American Zoetrope; IMDb; MGM; Rotten Tomatoes; Wikipedia
streaming sites: Google Play; iTunes; Vudu; YouTube
Caution: potential spoilers, I guess?
So... the main reason I wanted to see this is Christina Ricci. There's also the fact that I like pumpkins, but they have absolutely nothing to do with the film. When I first watched the movie, I decided not to write a review, but some time after starting my "meh" section, I figured I might as well. I don't remember the movie very clearly, other than thinking it was one of the worst things I've ever seen. It's hard to be sure exactly what kind of movie it's even supposed to be. Certainly there are vague "dark comedy" aspects as well as seeming sort of like a sincere kind of inspirational "message movie," though it seems more like a spoof of the latter. I was kind of left feeling that we're meant to think the entire movie was just... I dunno, intentionally ludicrous, or something. (Though I feel like it would be giving the film entirely too much credit to call it a "satire," whether that was the filmmakers' intention or not.)
Anyway, Ricci played this sorority girl named Carolyn, who fell in love with a guy called Pumpkin, who was, ostensibly, developmentally challenged. I mean, everyone except Pumpkin himself seemed to think he was, but personally I was never convinced of that. I always thought he just seemed vaguely weird, or whatever, but not actually challenged. Either way, everyone was very much against Carolyn and Pumpkin becoming a couple. So there were lots of obstacles for the two of them to overcome, to be together.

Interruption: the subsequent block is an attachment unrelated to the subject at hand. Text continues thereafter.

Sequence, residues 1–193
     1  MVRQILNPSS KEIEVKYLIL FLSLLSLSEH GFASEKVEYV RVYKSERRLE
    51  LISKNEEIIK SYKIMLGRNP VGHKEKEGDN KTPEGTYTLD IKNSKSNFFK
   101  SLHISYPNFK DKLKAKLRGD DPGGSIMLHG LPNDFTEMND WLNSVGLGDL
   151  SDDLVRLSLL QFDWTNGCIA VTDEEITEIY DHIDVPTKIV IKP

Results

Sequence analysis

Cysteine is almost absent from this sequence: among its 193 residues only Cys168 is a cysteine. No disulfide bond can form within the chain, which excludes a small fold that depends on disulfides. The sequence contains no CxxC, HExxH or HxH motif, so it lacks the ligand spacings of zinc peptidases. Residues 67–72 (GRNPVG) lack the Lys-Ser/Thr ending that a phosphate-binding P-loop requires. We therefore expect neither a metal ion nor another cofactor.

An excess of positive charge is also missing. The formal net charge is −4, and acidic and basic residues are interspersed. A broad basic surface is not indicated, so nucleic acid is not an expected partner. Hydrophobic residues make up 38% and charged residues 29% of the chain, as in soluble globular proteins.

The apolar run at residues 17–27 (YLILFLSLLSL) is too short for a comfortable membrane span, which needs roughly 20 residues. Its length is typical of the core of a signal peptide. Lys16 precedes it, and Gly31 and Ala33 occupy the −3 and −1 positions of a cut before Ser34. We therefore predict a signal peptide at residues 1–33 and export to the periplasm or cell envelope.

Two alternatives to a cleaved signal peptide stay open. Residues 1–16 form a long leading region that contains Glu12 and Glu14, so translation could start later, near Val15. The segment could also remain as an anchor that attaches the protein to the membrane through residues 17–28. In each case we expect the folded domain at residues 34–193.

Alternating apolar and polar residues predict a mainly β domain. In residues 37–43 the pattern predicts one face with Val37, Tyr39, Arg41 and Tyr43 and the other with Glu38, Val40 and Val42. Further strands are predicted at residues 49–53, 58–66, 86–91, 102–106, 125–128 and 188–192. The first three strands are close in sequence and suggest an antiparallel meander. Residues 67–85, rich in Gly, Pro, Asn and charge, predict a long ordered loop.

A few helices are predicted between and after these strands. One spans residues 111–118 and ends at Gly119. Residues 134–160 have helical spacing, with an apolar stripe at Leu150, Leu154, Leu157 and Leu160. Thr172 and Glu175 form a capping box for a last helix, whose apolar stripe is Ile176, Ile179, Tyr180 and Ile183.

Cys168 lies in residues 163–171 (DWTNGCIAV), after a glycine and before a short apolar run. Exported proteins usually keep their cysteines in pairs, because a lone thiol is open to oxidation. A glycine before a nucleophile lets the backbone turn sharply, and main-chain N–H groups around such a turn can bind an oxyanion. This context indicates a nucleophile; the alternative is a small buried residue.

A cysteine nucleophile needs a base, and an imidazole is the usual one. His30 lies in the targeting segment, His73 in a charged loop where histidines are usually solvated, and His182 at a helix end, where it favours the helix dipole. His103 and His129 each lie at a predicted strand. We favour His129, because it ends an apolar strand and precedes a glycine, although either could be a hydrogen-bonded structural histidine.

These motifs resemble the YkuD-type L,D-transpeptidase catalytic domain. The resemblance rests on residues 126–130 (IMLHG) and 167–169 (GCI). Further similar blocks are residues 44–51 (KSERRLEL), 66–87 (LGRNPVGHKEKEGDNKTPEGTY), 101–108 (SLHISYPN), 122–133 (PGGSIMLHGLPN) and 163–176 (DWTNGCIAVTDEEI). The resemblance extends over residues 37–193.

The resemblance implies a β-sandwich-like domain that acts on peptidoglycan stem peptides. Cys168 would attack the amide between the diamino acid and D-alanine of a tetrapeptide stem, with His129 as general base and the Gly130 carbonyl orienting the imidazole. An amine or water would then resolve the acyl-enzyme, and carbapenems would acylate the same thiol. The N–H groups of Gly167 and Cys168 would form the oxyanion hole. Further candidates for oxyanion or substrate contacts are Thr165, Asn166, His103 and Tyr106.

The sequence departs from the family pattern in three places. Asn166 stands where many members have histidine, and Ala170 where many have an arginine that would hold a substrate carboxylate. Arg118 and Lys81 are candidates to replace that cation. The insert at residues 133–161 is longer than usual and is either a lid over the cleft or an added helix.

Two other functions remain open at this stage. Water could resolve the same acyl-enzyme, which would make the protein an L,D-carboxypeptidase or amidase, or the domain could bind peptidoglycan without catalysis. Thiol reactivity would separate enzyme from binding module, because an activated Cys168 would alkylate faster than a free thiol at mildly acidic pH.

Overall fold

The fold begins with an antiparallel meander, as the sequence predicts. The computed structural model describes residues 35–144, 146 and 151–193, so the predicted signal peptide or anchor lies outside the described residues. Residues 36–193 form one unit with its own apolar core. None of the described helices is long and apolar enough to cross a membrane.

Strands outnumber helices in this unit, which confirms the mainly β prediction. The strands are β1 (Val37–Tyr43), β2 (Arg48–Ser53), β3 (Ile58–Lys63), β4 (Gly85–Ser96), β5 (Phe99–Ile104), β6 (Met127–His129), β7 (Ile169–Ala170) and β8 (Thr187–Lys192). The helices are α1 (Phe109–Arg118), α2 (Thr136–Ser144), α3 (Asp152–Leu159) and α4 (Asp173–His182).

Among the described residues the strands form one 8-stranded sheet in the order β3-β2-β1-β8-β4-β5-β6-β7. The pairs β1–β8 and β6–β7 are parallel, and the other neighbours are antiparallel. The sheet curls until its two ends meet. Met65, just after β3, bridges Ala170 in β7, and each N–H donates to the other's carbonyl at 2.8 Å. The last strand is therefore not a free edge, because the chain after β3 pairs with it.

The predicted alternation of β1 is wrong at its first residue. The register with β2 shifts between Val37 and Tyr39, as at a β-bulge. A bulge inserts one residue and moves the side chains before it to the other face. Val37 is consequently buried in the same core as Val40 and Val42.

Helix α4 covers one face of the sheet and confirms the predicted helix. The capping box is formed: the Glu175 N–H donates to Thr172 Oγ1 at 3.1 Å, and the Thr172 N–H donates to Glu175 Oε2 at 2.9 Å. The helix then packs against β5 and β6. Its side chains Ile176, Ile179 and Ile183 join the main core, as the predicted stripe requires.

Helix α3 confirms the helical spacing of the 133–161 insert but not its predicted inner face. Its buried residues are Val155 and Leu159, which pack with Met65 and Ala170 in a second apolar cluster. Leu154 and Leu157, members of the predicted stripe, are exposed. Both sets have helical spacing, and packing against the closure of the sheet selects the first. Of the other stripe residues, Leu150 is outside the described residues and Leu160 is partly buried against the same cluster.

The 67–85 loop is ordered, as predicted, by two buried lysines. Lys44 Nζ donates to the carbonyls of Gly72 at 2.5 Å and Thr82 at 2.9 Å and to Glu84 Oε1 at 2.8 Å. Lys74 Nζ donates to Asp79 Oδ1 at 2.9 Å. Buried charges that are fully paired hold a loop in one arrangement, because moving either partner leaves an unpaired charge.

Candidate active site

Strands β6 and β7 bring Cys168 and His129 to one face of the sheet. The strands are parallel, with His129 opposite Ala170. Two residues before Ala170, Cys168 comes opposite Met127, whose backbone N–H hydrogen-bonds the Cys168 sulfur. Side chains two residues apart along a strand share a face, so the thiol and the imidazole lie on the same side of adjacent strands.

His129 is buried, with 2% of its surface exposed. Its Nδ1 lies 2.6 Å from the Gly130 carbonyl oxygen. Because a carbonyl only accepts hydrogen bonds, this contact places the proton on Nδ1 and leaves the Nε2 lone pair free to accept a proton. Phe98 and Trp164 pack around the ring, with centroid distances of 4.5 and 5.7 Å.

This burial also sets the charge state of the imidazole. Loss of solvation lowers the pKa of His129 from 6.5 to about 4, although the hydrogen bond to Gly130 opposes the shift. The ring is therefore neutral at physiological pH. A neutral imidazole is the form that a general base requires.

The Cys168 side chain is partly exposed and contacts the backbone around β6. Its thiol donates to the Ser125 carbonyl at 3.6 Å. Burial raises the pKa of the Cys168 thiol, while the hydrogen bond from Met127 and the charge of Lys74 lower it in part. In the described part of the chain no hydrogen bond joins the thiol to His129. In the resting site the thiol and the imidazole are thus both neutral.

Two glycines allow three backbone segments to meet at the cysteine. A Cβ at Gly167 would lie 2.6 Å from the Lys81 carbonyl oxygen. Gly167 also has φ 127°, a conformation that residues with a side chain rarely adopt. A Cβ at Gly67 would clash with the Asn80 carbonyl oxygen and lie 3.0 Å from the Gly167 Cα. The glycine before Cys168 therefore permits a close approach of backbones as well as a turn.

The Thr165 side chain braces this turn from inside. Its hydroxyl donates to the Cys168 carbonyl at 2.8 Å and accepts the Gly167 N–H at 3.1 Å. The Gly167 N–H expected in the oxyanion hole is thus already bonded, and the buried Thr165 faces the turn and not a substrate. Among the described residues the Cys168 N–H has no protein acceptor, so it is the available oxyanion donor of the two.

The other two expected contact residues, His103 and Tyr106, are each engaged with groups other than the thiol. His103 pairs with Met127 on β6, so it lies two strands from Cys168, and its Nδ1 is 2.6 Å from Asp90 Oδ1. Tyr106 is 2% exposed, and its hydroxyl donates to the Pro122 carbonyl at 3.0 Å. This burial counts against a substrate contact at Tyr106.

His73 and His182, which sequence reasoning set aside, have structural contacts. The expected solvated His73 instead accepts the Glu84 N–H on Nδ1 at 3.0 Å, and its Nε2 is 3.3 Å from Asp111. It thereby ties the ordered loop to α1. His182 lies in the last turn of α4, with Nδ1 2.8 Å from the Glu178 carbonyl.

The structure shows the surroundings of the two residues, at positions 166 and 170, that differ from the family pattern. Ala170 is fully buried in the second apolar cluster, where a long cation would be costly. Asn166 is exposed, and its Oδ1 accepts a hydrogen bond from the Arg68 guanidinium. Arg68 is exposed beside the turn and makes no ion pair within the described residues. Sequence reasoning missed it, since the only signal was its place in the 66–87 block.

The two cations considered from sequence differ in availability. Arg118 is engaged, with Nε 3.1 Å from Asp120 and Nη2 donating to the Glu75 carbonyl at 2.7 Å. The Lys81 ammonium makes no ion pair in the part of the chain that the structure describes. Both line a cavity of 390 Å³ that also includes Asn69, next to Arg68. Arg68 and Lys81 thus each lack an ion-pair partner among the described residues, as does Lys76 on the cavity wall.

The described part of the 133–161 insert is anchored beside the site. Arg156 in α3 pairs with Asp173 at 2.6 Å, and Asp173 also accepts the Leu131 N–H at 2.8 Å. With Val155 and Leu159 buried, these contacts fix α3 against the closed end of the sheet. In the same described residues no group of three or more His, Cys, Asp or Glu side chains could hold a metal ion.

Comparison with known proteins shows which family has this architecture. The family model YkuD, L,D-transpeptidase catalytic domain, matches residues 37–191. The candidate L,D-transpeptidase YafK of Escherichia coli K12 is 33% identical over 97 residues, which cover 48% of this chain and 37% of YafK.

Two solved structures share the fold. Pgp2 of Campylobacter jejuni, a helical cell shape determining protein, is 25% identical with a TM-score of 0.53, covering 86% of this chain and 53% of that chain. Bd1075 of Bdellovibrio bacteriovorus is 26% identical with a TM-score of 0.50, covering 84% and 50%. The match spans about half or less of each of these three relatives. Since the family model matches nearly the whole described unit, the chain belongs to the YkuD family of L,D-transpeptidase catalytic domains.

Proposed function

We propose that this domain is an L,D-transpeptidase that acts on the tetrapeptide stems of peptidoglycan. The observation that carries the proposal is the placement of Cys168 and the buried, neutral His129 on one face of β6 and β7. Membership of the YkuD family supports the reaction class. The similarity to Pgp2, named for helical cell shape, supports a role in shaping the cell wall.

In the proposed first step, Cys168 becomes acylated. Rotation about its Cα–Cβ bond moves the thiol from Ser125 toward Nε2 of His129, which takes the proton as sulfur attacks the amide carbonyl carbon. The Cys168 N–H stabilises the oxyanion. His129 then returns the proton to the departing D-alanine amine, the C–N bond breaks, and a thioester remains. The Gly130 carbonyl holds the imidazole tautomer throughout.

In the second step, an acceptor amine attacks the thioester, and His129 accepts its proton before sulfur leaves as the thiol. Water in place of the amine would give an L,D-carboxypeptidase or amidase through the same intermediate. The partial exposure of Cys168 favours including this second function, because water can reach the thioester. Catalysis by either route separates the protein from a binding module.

The one thing I do remember about the movie is that she seemed to start falling for him when he said something that she took to be philosophical, but which didn't really sound that way to me. And it's like, it seemed as if she based the whole relationship on that one thing. Maybe it was partly because he was nicer than anyone else she knew, including her family, friends, and boyfriend (though I vaguely recall thinking maybe he wasn't that much nicer). But I really think it was that one thing he said that one time, which is an incredibly odd thing to base a relationship on, even if she hadn't misinterpreted what he was saying. (I also think that her interpretation wouldn't have made much sense even if he had meant it the way she thought he did. I don't remember exactly what he said, but I vaguely recall thinking it just wouldn't work as a metaphor, or at least that it would have been a poor one.) And in the end... I think she realizes she was wrong about him. But then it was sort of too late.
So, if the whole movie was just an attempt at spoofing serious movies of this type, I have strangely mixed feelings about it... I could almost appreciate the concept, but not the execution. I just didn't find it amusing or inspirational, in any way. I'm almost tempted to call the movie itself developmentally challenged, but I don't think that's quite right. Really, it's just plain ridiculous.